Pitkin County voters aren’t overly impressed with the direction that the county government is moving, according to results of a scientific survey, reported by the Aspen Daily News. Respondents to a survey were asked, “Generally speaking, would you say things in Pitkin County are headed in the right direction or off on the wrong track?” Slightly more than 45% said the county was going in the right direction while nearly 42% said the wrong track. Another 13% were unsure. The question was part of a broader survey that asked 300 county voters their views on a possible property tax for affordable housing and questions on the priorities for county government.

Pitkin County is dealing with several high-profile issues that have varying degrees of controversy including the potential airport expansion, a tax for affordable housing programs, and limiting house sizes.

Property Taxes Will Support Aspen School District

The Aspen School District is transitioning to a completely locally funded revenue stream for the 2023-2024 academic year because of skyrocketing property values, the Aspen Daily News reported. The district will no longer be receiving budget equalization factor dollars as property and specific ownership tax revenue is projected to account for the district’s total program funding following a 68.3% increase in assessed valuation of taxable property.

The district will still receive some revenue from the state and federal government amounting to roughly $2.6 million, which is well shy of the approximately $6.2 million last year, with $4.3 million in state equalization dollars going away. The district projects that it will collect $21.34 million in property tax revenue in 2023-24, up from $15.29 million last year. The remaining portion of the budget is set to come from vehicle sales taxes, covering a projected $618,368.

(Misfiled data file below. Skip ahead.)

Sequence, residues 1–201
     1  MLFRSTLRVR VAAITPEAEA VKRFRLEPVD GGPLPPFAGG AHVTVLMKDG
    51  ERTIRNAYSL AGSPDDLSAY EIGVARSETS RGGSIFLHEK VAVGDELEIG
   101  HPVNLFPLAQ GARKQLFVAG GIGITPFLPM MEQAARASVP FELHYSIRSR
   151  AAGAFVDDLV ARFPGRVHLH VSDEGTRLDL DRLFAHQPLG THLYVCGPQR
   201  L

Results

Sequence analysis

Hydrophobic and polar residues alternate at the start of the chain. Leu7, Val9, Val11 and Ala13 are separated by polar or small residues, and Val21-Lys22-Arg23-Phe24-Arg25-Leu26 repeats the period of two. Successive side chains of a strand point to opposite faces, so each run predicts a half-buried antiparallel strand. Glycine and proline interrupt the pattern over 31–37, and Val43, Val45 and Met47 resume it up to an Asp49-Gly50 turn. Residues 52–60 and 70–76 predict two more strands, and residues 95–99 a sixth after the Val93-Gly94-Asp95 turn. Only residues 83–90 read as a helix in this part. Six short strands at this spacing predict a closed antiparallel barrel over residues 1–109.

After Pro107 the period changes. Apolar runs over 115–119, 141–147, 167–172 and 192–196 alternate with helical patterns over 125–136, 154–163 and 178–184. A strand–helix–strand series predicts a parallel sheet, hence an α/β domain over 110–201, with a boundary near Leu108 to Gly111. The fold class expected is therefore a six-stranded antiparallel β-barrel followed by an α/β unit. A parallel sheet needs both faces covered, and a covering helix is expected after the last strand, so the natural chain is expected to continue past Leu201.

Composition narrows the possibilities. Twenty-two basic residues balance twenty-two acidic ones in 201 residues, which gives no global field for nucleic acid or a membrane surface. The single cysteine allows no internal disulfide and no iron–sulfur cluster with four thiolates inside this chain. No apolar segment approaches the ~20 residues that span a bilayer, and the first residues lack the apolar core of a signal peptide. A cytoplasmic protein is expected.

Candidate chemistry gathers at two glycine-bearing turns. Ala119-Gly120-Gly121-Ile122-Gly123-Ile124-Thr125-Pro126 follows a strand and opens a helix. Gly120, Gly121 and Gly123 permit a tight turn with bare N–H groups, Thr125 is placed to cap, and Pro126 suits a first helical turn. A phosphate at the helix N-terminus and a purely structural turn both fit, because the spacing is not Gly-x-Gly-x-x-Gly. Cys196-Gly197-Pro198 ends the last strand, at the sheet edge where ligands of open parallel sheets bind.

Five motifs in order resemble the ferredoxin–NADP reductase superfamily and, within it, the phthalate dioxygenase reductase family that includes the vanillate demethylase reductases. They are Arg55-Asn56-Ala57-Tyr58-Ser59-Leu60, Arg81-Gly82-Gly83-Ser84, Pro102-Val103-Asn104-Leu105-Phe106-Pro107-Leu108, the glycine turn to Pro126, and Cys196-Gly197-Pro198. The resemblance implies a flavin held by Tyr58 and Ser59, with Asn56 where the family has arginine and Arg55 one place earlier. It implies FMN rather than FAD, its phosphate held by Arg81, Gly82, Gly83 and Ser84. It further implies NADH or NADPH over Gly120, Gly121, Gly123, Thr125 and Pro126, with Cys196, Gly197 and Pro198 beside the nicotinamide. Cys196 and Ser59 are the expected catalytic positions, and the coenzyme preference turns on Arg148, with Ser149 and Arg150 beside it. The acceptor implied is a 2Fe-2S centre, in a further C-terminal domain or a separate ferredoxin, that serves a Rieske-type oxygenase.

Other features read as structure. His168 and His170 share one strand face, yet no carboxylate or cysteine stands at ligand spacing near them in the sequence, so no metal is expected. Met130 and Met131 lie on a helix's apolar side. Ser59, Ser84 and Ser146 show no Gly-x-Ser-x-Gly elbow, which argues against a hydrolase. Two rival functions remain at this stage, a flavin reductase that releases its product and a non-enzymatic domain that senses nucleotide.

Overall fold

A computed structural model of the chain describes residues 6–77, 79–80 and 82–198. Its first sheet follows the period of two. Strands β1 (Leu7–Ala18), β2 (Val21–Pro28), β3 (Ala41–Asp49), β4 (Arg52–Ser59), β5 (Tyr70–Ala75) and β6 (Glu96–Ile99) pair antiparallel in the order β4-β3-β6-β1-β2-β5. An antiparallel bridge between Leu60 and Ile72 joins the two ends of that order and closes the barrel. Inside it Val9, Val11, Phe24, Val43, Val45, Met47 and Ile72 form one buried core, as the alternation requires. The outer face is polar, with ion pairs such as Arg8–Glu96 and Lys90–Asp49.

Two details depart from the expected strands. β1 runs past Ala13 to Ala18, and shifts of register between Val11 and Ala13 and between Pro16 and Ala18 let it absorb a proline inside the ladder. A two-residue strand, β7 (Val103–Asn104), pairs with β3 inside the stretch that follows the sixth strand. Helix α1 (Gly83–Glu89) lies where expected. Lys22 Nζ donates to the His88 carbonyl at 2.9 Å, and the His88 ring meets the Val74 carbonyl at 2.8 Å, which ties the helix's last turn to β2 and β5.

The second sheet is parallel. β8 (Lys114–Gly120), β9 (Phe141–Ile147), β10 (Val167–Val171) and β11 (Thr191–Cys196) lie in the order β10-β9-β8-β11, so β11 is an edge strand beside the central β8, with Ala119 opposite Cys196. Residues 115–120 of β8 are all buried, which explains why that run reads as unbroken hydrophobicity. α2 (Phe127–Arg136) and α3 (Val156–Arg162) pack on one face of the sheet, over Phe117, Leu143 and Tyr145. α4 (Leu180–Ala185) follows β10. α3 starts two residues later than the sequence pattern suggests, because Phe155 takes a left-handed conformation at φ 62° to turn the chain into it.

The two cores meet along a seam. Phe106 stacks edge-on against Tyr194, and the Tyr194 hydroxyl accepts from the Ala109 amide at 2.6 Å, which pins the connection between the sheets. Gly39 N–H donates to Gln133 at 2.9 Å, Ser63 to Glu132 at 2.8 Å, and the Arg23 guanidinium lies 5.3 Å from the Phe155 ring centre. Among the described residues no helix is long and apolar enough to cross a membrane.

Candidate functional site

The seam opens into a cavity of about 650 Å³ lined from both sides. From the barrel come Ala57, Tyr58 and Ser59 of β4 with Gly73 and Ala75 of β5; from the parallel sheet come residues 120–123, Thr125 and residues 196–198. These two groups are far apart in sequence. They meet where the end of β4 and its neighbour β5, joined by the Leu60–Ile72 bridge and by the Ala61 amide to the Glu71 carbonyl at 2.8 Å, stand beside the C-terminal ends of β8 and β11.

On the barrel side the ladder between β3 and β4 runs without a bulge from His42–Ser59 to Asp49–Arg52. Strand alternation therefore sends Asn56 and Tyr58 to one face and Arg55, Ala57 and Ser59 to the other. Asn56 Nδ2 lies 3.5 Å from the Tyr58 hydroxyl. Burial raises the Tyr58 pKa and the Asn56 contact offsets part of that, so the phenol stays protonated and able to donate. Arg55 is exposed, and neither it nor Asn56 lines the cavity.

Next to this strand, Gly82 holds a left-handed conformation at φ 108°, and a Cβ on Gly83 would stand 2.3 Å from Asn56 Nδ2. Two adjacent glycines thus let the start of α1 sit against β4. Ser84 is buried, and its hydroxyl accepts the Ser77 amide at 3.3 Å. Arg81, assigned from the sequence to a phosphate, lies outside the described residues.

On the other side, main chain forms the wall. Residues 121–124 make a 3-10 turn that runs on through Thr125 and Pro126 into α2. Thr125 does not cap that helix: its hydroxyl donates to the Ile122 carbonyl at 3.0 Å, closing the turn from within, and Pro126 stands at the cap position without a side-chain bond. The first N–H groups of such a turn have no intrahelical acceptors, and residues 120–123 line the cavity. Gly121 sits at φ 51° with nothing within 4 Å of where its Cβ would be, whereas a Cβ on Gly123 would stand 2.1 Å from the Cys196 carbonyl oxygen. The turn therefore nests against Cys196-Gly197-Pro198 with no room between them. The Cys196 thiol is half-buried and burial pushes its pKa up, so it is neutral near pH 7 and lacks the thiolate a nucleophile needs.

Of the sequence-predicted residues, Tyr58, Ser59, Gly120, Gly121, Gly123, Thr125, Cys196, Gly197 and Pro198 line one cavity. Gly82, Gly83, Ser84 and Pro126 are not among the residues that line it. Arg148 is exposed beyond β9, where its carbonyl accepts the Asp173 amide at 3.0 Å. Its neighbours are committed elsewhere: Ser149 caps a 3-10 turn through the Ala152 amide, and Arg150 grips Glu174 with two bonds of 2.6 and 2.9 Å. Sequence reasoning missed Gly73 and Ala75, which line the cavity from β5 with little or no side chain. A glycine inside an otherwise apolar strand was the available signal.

Residents Asked to Weigh in On Missing Link

Roaring Fork Valley residents are being invited to weigh in on a missing link iin the upper valley trail network, the Aspen Daily News reported. The proposed trail link would connect the Brush Creek park-and-ride and the Aspen Airport Business Center. The county is assessing the feasibility of the trail in partnership with the city of Aspen Parks and Open Space and the Elected Officials Transportation Committee.

There are two proposed alignments. Option 1 is called the Twin Bridges option because it would require building two pedestrian bridges over the Roaring Fork River to utilize the existing Rio Grande Trail. One bridge would be located near the Brush Creek lot and the other bridge would be built roughly half-way between the parking lot and AABC. The Two Bridges option is currently estimated to cost between $20.04 million and $21.79 million. Option 2 is known at the Highway 82 east alignment. No bridges would be built over Highway 82, but it would require extensive engineering elements and is estimated at $26.41 to $28.71 million.

Short-Term Rentals Banned in Remote County

Vacationers will no longer find short-term rental listings in the farthest reaches of rural Pitkin County, the Aspen Times reported. The board voted to prohibit STRs in the rural remote zone of the county. There are three properties that will be immediately affected and that have been advertising short-term rentals. For each day of operation as a short-term rental without a license, the violation would result in a $1,000 fine. If the property owners continue renting out the property(s), the county would likely seek court intervention.